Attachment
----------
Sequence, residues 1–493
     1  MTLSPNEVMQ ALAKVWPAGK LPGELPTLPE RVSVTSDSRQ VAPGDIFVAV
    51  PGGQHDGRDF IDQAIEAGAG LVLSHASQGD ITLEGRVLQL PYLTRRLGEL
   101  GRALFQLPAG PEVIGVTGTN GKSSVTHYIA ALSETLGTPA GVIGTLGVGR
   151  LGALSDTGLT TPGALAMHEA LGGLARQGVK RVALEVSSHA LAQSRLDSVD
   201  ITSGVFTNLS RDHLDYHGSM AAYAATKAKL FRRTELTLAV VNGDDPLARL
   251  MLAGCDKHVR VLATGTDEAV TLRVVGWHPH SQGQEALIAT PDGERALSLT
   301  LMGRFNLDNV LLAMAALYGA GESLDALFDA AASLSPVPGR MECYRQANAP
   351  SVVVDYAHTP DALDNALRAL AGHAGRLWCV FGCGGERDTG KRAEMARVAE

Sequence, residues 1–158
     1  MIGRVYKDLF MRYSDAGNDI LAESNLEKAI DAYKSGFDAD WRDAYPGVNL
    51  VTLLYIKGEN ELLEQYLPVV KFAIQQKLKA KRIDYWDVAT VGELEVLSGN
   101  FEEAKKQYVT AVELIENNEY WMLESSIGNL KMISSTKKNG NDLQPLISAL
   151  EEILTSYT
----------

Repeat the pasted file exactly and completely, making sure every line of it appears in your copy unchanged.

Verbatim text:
Sequence, residues 1–493
     1  MTLSPNEVMQ ALAKVWPAGK LPGELPTLPE RVSVTSDSRQ VAPGDIFVAV
    51  PGGQHDGRDF IDQAIEAGAG LVLSHASQGD ITLEGRVLQL PYLTRRLGEL
   101  GRALFQLPAG PEVIGVTGTN GKSSVTHYIA ALSETLGTPA GVIGTLGVGR
   151  LGALSDTGLT TPGALAMHEA LGGLARQGVK RVALEVSSHA LAQSRLDSVD
   201  ITSGVFTNLS RDHLDYHGSM AAYAATKAKL FRRTELTLAV VNGDDPLARL
   251  MLAGCDKHVR VLATGTDEAV TLRVVGWHPH SQGQEALIAT PDGERALSLT
   301  LMGRFNLDNV LLAMAALYGA GESLDALFDA AASLSPVPGR MECYRQANAP
   351  SVVVDYAHTP DALDNALRAL AGHAGRLWCV FGCGGERDTG KRAEMARVAE

Sequence, residues 1–158
     1  MIGRVYKDLF MRYSDAGNDI LAESNLEKAI DAYKSGFDAD WRDAYPGVNL
    51  VTLLYIKGEN ELLEQYLPVV KFAIQQKLKA KRIDYWDVAT VGELEVLSGN
   101  FEEAKKQYVT AVELIENNEY WMLESSIGNL KMISSTKKNG NDLQPLISAL
   151  EEILTSYT